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An expense that is allowable as a reduction of gross taxable income by the IRS e.g., charity donations.


An amount of money that one may subtract from one's gross annual income when calculating one's income tax liability. A common misconception about tax deductions is that they represent a dollar-for-dollar reduction of one's tax liability. Rather, a deduction removes a certain dollar amount from the income the IRS uses to calculate the percentage of one's income that is owed in taxes. Common deductions are charitable contributions, business expenses, and interest on mortgages. See also: Tax credit.


An expenditure that may legally be used to reduce an individual's income-tax liability. Potential deductions of particular interest to investors are expenditures for subscriptions to financial publications, a lock box for storing securities, and computer software for investment-related activities. These deductions, combined with employee business expenses and miscellaneous deductions, may be subtracted from a person's taxable income only to the extent their total exceeds 2% of that person's adjusted gross income. Interest paid on loans used to finance investments is deductible only against investment income. Also called itemized deduction, tax deduction. See also charitable contribution deduction.


A deduction is an amount you can subtract from your gross income or adjusted gross income to lower your taxable income when you file your income tax return.

Certain deductions, such as money contributed to a traditional IRA or interest payments on a college loan, are available only to taxpayers who qualify for these deductions based on specific expenditures or income limits, or both.

Other deductions are more widely available. For example, you can take a standard deduction, an amount that's fixed each year. And if your expenses for certain things, such as home mortgage interest, real estate taxes, and state and local income taxes, total more than the standard deduction, it may pay for you to itemize deductions instead.

However, if your adjusted gross income is above the limit Congress sets for the year, you may lose some of or all these deductions.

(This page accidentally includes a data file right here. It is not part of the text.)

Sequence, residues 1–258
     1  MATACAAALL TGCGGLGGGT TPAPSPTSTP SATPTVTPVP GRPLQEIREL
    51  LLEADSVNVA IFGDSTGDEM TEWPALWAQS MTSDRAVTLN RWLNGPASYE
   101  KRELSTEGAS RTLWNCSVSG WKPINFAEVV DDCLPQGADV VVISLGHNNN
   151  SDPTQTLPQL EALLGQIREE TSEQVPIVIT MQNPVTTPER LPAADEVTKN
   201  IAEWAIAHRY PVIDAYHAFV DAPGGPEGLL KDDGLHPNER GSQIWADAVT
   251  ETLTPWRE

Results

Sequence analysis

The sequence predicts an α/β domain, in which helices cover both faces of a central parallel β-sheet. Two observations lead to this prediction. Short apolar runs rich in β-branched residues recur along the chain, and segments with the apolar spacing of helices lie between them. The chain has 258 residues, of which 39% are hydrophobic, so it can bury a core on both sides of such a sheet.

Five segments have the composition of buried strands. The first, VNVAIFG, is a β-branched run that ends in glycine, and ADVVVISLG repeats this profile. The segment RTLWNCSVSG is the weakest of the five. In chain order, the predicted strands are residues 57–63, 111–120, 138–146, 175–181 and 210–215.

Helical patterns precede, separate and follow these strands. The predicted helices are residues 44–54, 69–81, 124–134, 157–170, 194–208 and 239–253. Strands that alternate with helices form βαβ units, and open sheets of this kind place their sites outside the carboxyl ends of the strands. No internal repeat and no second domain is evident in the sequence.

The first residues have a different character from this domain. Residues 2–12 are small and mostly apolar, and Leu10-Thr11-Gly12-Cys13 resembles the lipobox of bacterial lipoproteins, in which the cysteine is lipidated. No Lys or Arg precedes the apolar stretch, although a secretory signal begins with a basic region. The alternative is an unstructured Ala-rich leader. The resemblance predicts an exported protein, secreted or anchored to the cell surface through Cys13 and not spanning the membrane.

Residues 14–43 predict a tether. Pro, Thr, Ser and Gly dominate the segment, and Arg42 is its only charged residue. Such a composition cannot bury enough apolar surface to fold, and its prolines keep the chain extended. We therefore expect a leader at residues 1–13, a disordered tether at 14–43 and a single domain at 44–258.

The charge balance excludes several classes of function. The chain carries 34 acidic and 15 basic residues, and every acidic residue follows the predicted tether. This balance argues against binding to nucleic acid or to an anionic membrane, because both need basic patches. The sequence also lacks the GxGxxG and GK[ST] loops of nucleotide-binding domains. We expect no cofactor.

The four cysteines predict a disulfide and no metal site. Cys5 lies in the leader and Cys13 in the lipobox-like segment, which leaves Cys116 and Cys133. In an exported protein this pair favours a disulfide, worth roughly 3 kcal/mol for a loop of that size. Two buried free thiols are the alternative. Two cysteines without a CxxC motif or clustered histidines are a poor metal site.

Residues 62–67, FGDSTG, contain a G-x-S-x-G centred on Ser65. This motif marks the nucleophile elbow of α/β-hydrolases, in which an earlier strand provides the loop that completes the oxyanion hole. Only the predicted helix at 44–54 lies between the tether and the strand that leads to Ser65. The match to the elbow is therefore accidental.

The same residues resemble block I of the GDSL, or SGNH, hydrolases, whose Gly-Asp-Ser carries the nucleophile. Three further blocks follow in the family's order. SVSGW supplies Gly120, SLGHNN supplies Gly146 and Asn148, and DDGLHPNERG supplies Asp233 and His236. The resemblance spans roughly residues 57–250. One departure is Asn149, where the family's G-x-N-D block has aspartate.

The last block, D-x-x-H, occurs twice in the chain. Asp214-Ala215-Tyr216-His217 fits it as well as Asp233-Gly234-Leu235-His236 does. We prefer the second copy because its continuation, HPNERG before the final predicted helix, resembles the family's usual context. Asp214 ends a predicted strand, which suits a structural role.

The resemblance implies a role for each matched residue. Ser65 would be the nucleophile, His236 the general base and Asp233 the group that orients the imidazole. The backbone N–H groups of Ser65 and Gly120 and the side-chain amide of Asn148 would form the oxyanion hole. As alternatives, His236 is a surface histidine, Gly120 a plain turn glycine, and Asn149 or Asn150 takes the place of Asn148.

An amount that may be subtracted from income that is otherwise taxable.
References in classic literature ?
If one has a taste for that kind of thing the merest starting-point becomes a coign of vantage, and then by a series of logically deducted verisimilitudes one arrives at truth--or very near the truth--as near as any circumstantial evidence can do.
What made it all so difficult was that Dounia received a hundred roubles in advance when she took the place as governess in their family, on condition of part of her salary being deducted every month, and so it was impossible to throw up the situation without repaying the debt.
A FEW weeks ago, British Gas sent out letters stating that the winter rebate of pounds 30 a lot of customers were entitled to was stopping; however, it would still be deducted from the Jan-April bill.
Typically, prepaid medical expenses are not deductible in the year of payment; generally, they cannot be deducted until services have been rendered.
Salaries and royalties from the film's stars also are deducted to arrive at net profit.
The Ostrows, who were subject to AMT, deducted real estate taxes paid by the coop on their joint return; the IRS disallowed the deduction.
Furthermore, if all investments were expensed and deducted from income, then the tax system would become a consumption tax because consumption equals income minus investment.
Both countries argued their systems were fairer, preventing distortions of competition, however the ECJ said VAT had to be levied and deducted in full regardless.
The Bush administration had held long talks with the Israeli government over the sum to be deducted and agreement was reached between US national security adviser Ms Rice and PM Sharon adviser Dov Weisglass.
Although the landlord is entitled to deduct these payments, the law is unclear on whether the payments can be deducted either when they come due or ratably over the term of the new lease.
The catch: Yearly contributions of up to $2,000 per person cannot be deducted from taxes.